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It has been ten years since cellist Gauthier Herrmann, artistic director of the Artie’s festival India, has been coming to the NCPA with his chamber ensemble. A biannual fixture on the NCPA calendar, he talks to ON Stage about the tenth anniversary.

“Ten years, 20 editions, more than 50 different musicians, more than 150 musical works – and still so much music to be played and discovered”

ON Stage: You’re coming to India for the 20th edition of Artie’s. When you began in 2008, did you think this would last a decade?

Gauthier Herrmann: First of all, I really want to say that no part of this major adventure would have been possible without the support of the NCPA and its team. What we have created together is a very special project, and the greatest part of it is that it is (and has been for many years) awaited as much by the audience as by the musicians. A decade is a long time, but we are already looking forward to and planning the next decade. Ten years, 20 editions, more than 50 different musicians, more than 150 musical works – and still so much music to be played and discovered. Music is an endless story and we are very happy and proud to tell it in India.

The discovery of India as a 20-year-old has been one of the most important events of my life, and it has driven me to pursue chamber music as well as an entrepreneurial career. I can say it now, at age 36 – India has made me the man I am. In this special edition, my two daughters (Indiya and Augustine) and even my parents will be joining us for the festival. This will be their first trip to India. It’s very exciting to be able to give them the opportunity to discover my beloved and precious country. They gave me so much in my childhood; it’s a great feeling to be able to give them something back.

 

OS: What can you tell us about Bruckner’s 7th symphony that you will be performing at the NCPA?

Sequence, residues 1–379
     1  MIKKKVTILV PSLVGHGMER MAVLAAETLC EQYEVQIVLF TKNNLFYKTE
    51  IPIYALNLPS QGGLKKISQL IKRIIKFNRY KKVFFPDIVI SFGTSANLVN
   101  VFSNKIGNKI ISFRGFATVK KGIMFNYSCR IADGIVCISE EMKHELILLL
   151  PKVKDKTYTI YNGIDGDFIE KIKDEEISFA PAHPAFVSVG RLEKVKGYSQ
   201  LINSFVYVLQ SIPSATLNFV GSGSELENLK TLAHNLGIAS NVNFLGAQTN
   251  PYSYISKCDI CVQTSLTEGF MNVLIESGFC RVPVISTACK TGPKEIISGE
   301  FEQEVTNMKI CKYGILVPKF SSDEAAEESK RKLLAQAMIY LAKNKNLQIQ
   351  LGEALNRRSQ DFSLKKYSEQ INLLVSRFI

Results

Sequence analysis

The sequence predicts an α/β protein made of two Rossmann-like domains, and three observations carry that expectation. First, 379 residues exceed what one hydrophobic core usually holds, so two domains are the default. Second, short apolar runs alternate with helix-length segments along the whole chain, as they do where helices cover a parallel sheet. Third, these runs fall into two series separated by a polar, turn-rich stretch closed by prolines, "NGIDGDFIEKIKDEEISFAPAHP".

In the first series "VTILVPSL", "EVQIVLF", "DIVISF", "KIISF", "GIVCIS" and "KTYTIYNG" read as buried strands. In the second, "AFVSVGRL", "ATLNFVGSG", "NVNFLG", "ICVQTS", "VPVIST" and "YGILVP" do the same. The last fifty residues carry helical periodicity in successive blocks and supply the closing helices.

GH: The Bruckner’s 7th is something very unique to us. We created the ACO (Artie’s Chamber Orchestra) especially to play this kind of programme. In between the two World Wars, Arnold Schoenberg and a few of his students started to work on reducing major works from requiring big symphony orchestras to being possible with just ten to fifteen musicians.

When Pierre Fouchenneret, Konzertmeister of the ACO, came up with the idea of the Bruckner 7th, I was not really enthusiastic, but he always knows how to convince me. I came with the project to Mr. Khushroo N. Suntook and his team. To be honest, nobody believed that it was possible or even interesting to play it with only nine members, but it was a big hit. We practised the score like crazy, and we spent hours and hours deeply involved with the music. The big issue was to understand that we should not expect the same result with ten musicians than what we did with 90. It was a completely new reading of the work, sounds, tempo, balance; it was interesting for us onstage and for the audience as well.

When we thought a bit about what should be part of the programme of the 20th edition, Khushroo suggested immediately that we play the Bruckner again. One of the members of the ACO, the horn player, wanted to rework the arrangement. He added five musicians, including a trumpet and a trombone. The result is fantastic. I am sure you will enjoy it.

 

OS: Which is the one piece you’re truly looking forward to performing at these concerts, and why?

GH: All of them, but I have a little crush on the Kakadu Variations by Beethoven that’s being performed on 21st November and, of course, the Brahms Variations on the 22nd. Both are being played for the first time with Artie’s in Mumbai.

 

OS: What can you tell us about the rest of the programme you will be performing?

GH: Beethoven’s wind and piano quintet is a major work in the winds’ repertoire. Not often played and a very clever use of the instrument by my favourite master: Beethoven. I think there is no need to explain the Schubert Octet. This was a special request from Khushroo. It is quite long but so varied. It’s like a book – you just have to let go and travel with the flow.

 

OS: What can you tell us about the team of musicians you’ve assembled for these concerts?

GH: As usual, we are bringing musicians that have been a part of Artie’s for many years (Pierre Fouchenneret, Mathilde Borsarello Herrmann and Jean Michel Dayez, for example) as well as new musicians. Fourteen of us will be onstage, all from many different worlds of music. Soloists, teachers, chamber musicians and members of the most important French orchestras such as Orchestre National de France and Orchestre Philharmonique de Radio France. I think that Artie’s has been very successful in India for many reasons – the first one being the high quality of our players and the great energy of our performances. But, one of our main strengths is that we always play new repertoire and bring in new musicians. It’s important to bring in new faces, new personalities and new talents.

 

Artie’s Festival November 2017 will take place on 21st & 22nd November.

This piece was originally published by the National Centre for the Performing Arts, Mumbai, in the November 2017 issue of ON Stage – their monthly arts magazine.

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